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How to Host the Ultimate Whiskey Tasting

Wow your whiskey-loving friends with a bespoke tasting experience

Scottish-born whiskey expert Nicholas Pollacchi spent years as a brand ambassador for big name companies like Macallan and Highland Park. He would often host tasting events for corporate clients and whiskey enthusiasts, but he found that while the tastings were fun, they didn’t accurately reflect consumers’ drinking habits.

“Brands position themselves to only drink their own brand, but that’s not how whiskey drinkers drink. They consume a large variety of different whiskey brands at the same time,” Pollacchi explains. “The brand tastings are great, but I always felt that I came off like a salesman. I decided to start my own company The Whisky Dog, because there wasn’t a luxury whiskey tasting company that could host a tasting in a bipartisan way. It gives me the freedom to say, ‘I don’t work for these brands, so feel free to tell me your honest opinion.’”

Now, Pollacchi uses his years of knowledge to host tastings all over the world for private and corporate clients. Pollacchi’s events run the gamut—tastings can take place anywhere from a high-end steakhouse to a CEO’s office. “We really bring an experience. I tell stories about what it feels like to live and work at a distillery in Scotland, how the single malts are made and how the whiskeys are blended,” he says. “We’re not super geeky—we’re not there to bore you about whiskey. My job is to get people excited and engaged.”

Below, Pollacchi provides some insight on the crucial elements to hosting a whiskey tasting.

1. The Glassware

Having the appropriate glassware is a critical aspect of tastings. Typically, Pollacchi handles sourcing the glassware for clients unless they choose to do it themselves. “I like to use Glencairn crystal glasses which are the proper whiskey glasses, but they can be difficult to find. If Glencairn glasses aren’t available, my go-to glass is actually 5oz cognac snifter,” he says. “It’s a small tulip-shaped glass that allows all of the aromas to be concentrated to one point at the top of the glass. That’s what any good whiskey glass should do.”

2. The Number of Bottles

“Usually my recommendation is no more than four or five whiskies, regardless of the size of the group. Most times I’ll do four whiskies during the tasting and then a fifth for people to hang around and drink afterward,” says Pollacchi. “It’s the perfect number that enables people to appreciate the four different flavors. I’ve been with companies that do seven or eight whiskies, and after that many you’re not really tasting anymore, and you’ve probably consumed too much.”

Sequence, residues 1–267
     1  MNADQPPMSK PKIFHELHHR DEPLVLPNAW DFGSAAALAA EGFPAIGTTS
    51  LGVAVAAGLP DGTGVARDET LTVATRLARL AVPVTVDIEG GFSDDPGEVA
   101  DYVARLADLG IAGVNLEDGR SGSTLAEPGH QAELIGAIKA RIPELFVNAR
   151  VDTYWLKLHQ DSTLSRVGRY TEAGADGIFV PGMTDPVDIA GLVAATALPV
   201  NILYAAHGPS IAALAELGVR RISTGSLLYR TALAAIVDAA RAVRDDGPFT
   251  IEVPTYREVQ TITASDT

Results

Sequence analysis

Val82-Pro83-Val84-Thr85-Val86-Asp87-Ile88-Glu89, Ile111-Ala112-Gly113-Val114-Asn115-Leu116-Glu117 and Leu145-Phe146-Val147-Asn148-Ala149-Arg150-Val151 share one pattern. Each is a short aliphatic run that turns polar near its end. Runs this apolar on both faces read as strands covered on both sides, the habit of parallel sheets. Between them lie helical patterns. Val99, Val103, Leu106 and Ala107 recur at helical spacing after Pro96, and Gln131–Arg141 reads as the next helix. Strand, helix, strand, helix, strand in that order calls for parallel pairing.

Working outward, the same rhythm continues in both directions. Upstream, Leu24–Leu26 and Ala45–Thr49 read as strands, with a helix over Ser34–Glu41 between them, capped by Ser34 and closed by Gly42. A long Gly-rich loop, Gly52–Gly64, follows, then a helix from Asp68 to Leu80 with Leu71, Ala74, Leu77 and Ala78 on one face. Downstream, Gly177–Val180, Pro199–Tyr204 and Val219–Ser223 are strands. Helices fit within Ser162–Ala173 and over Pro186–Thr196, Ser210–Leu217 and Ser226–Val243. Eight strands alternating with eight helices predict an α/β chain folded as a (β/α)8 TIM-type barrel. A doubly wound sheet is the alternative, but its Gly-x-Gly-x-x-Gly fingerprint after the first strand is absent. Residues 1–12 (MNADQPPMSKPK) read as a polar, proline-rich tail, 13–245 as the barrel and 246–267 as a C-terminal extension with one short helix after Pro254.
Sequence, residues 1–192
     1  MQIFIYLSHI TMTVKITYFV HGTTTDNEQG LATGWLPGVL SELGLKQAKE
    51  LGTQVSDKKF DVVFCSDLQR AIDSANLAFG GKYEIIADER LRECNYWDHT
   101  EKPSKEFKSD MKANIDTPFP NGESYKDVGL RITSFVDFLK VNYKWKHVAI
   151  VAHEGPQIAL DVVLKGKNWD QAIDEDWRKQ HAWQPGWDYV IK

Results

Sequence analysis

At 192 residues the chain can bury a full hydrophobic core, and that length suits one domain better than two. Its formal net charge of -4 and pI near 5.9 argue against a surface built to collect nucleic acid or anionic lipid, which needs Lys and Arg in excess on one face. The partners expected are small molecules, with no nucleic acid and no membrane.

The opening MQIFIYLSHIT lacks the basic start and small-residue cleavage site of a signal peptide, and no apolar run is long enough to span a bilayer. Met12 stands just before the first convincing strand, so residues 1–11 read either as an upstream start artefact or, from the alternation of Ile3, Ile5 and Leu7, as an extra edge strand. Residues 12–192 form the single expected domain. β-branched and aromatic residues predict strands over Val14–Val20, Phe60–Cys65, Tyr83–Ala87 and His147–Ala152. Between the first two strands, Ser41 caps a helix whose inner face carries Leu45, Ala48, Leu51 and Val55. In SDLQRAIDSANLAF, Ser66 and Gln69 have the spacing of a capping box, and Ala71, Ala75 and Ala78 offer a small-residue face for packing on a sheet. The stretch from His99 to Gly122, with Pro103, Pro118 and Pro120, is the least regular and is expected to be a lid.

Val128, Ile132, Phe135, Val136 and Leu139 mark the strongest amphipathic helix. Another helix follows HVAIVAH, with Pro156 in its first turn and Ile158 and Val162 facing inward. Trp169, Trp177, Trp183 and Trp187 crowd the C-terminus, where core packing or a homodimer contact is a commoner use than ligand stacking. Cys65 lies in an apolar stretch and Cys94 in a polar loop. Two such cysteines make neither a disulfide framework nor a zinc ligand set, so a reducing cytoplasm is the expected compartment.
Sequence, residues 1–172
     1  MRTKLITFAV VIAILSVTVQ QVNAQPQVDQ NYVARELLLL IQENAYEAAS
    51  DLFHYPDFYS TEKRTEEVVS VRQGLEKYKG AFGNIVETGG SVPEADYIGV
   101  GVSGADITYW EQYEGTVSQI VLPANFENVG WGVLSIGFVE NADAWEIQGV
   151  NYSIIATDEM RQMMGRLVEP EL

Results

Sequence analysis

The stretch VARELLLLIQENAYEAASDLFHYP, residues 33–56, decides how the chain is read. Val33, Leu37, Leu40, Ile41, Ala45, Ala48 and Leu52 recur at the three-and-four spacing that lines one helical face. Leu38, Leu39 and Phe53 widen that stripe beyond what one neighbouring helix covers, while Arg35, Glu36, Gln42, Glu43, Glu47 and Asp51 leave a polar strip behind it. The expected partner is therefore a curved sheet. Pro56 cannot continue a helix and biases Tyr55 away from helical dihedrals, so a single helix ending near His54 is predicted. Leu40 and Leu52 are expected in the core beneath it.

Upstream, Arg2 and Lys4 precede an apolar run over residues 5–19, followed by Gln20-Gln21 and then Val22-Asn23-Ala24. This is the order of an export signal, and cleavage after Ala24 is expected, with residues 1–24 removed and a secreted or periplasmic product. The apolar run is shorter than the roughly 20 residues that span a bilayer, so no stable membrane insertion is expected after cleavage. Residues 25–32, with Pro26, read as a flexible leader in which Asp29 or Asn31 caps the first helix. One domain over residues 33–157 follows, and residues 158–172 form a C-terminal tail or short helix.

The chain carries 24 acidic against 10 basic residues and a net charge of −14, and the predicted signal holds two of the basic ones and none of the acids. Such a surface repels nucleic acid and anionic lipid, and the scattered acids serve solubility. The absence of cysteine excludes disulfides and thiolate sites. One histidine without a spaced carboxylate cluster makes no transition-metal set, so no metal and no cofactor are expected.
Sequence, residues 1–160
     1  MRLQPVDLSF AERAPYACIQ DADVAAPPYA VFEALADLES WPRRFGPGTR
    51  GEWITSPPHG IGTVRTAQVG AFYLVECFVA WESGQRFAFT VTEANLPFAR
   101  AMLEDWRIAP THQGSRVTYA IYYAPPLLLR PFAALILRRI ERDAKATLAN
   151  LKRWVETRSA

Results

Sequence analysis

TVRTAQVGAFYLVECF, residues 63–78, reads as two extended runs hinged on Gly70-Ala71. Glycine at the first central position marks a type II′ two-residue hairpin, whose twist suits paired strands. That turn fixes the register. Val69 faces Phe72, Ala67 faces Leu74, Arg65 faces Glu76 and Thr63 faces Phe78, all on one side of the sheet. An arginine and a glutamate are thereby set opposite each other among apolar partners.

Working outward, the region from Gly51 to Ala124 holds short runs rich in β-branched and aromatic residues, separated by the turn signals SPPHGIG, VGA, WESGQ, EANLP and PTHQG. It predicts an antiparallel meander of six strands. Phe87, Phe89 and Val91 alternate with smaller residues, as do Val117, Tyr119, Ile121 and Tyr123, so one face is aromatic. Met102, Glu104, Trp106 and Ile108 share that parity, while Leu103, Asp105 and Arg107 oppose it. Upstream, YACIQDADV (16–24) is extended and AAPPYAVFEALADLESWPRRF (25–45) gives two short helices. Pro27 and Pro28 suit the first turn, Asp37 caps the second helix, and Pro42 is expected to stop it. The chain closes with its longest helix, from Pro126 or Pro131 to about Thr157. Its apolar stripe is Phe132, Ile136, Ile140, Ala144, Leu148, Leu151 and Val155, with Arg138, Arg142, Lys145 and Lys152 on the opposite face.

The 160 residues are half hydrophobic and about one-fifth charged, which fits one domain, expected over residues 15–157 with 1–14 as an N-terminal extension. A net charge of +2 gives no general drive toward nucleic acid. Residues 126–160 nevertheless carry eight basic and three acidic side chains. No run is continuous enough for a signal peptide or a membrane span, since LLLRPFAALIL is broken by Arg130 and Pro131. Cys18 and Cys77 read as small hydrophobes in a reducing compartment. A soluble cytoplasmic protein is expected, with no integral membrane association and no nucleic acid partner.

3.  The Water

It’s important for there to be still water on hand during the tasting. For the purest experience, Pollacchi suggests Smart Water. “Some bottled waters still carry plastic flavors to me,” he says.

4. The Ice

While it’s not an absolute necessity, Pollacchi loves bringing an ice carver in for tastings. For parties in the New York area, Pollacchi recommends Shintaro Okamoto, whose company Okamoto Studio supplies custom-carved ice to some of the most well-respected cocktail bars in Manhattan. Okamoto explains that the size and shape of ice used in whiskey—and all drinks for that matter—has a dramatic effect on the taste. For whiskey tastings, Okamoto hand-carves ice spheres rather than cubes, because they have less surface area for the same volume. “It means the whiskey maintains a core temperature and gives you the maximum amount of chill with the least amount of dilution,” Okamoto explains. “Everyone says once you experience our ice you can’t go back. It’s a very palpable, different experience visually, physically and chemically.”

5. The Accouterments

Hosting a tasting doesn’t have to stop at whiskey. Pollacchi will often bring in a barber for shaves, a shoe shiner and a luxury cigar roller—or have guests get measured for custom ties and shirts during the tasting.

6. The Whiskies

When choosing whiskies for clients at tastings, Pollacchi first assess the flavor profile by asking questions like: Do you like whiskies that are sweet, or rich or smoky? Do you like bourbons, or do you like scotch whiskies? Have you ever tried anything from Japan or Canada? “My job is to understand what the clients like to drink, and then give them four similar flavor profiles, but bottles they never would have thought to go out and buy themselves,” he says. “I choose four to five bottles that are definite examples of expressions from different regions, and different ages and different processes.”

Visit www.TheWhiskyDog.com to inquire about pricing for corporate and private whiskey tasting events.